Shock at late decision to lockdown North West England three hours before Eid al Adha

Image credit: Where are you now Jordi blog

The government has announced new coronavirus restrictions which means that that people living in Greater Manchester, East Lancashire and West Yorkshire will not be able to meet others in houses or gardens unless they are in the same support bubble. Muslims make up between 5 – 25% of the affected towns.

The restrictions were announced at 9pm last night – 3 hours before the Eid al Adha festival was due to begin. Government guidance says mosques are allowed to remain open for prayers.

The Health Secretary Matt Hancock denied the measures were brought in to stop Eid al Adha parties. In an ITV interview he said: “I really understand the impact of this  on our Muslim friends who are celebrating Eid tonight and I’m very grateful to the Imams locally and religious leaders who are working to have covid secure ways to celebrate Eid. But it does sadly mean that people won’t be able to meet in each others houses or gardens because we’ve seen how the disease spread. They  will be able to go to mosques or meet in parks. We thought very carefully about it, but the Imams have found socially distanced covid secure ways of having Eid celebrations and religious worship.”

Qari Asim, the chair of the Mosques and Imams National Advisory Board tweeted:  “On the day of #Eid, being told that you can’t visit your mother’s house or other family households is extremely challenging & disheartening but let’s remember at the core of #EidAlAdha is sacrifice & selflessness. Let’s celebrate safely! #NoHugging #SocialDistancing”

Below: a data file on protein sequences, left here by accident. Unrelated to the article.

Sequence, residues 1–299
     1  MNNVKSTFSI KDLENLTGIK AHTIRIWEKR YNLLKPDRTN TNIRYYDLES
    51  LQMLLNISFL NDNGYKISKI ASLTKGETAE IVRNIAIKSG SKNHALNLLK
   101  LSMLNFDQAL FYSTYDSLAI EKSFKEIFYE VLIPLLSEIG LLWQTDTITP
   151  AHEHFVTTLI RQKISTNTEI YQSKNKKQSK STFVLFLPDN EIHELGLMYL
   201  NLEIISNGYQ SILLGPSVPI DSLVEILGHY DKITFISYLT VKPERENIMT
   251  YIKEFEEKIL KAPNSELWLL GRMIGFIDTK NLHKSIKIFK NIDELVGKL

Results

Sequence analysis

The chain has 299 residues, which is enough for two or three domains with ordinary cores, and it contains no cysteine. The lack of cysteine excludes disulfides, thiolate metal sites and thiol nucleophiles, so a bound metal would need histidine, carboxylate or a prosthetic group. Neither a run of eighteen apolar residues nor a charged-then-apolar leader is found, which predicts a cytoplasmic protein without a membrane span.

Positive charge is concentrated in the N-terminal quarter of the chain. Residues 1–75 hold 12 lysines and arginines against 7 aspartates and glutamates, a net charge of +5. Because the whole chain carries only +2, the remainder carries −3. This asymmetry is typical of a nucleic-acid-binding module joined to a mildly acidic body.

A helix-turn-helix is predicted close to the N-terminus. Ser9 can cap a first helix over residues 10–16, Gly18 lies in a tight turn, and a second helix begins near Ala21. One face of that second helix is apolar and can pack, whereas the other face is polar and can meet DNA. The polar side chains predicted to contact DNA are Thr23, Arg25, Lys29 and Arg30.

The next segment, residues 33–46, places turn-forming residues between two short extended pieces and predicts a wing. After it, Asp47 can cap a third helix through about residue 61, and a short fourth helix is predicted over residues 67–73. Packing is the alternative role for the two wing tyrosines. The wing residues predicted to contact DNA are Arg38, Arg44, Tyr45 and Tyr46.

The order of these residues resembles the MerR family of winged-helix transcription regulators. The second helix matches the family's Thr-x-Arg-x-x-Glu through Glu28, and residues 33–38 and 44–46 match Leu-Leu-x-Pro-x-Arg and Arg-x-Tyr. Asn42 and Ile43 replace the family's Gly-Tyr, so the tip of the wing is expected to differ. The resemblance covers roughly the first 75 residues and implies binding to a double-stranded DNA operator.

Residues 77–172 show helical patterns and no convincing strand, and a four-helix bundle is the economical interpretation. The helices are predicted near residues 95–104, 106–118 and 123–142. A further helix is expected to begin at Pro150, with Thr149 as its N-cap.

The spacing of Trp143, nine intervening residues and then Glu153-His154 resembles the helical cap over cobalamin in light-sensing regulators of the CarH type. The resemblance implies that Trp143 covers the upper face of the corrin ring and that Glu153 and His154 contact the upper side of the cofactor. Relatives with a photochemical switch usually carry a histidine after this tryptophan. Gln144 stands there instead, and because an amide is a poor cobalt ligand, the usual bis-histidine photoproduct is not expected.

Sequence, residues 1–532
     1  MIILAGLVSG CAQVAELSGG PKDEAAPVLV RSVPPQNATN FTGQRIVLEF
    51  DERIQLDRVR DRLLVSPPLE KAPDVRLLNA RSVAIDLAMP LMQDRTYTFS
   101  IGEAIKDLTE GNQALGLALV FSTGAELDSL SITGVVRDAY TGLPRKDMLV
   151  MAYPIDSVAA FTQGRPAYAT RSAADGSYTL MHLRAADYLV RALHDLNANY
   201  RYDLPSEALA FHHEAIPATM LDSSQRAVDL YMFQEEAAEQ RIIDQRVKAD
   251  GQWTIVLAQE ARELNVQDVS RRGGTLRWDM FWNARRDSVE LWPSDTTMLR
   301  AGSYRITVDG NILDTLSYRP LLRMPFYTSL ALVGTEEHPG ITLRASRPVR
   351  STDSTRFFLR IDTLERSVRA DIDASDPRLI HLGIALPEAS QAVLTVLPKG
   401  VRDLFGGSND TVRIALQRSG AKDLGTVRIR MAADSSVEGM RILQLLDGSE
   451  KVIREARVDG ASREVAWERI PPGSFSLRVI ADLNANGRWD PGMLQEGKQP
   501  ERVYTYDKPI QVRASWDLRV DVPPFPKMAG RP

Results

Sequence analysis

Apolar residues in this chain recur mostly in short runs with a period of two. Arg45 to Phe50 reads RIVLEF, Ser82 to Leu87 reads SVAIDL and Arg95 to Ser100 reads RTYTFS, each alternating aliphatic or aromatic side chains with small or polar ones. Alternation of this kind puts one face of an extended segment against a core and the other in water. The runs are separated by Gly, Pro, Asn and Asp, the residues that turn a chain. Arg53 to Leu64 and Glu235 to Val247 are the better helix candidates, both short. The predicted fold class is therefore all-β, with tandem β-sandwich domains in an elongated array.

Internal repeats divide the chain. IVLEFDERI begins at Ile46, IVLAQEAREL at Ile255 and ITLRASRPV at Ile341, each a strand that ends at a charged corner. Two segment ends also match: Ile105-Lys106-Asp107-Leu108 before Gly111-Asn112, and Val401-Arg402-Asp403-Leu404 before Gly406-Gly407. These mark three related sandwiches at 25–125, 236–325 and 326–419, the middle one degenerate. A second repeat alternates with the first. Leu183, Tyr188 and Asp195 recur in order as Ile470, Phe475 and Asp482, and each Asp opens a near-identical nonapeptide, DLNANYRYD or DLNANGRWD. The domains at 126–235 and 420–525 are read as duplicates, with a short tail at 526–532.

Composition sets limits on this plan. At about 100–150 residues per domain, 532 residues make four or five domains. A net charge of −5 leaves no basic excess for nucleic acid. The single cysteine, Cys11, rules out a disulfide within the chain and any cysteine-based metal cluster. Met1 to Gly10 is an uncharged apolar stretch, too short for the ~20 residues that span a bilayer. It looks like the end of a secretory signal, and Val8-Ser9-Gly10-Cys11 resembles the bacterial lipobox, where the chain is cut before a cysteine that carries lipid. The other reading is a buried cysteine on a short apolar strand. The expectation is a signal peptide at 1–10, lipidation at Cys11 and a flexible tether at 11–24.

Harun Khan, general secretary of the Muslim Council of Britain, said: “With the first day of Eid today, for Muslims in the affected areas it is like being told they cannot visit family and friends for Christmas on Christmas Eve itself. Whilst the safety of communities is of paramount importance, as has remained the case from the very outset of this crisis, so is effective communication delivered in a timely fashion. Failure to communicate makes it difficult for communities across the country to continue working together to minimise the spread of the virus, whilst eroding trust in the ability of authorities to steer our course as we tackle the Covid19 crisis. The UK government has failed to provide clarity on the shockingly short notice and the reasoning behind the new rules that British Muslims deserve – any such clarification would be most welcome.”

Baroness Sayeeda Warsi told Good Morning Britain that the late announcement had caused utter confusion “I had phone calls this morning right through to 1am, into the early hours of the morning saying ‘well what does that mean? I think the lack of clarity and the lateness of the message hasn’t encouraged what effectively throughout the pandemic has been a community-wide response across the UK.”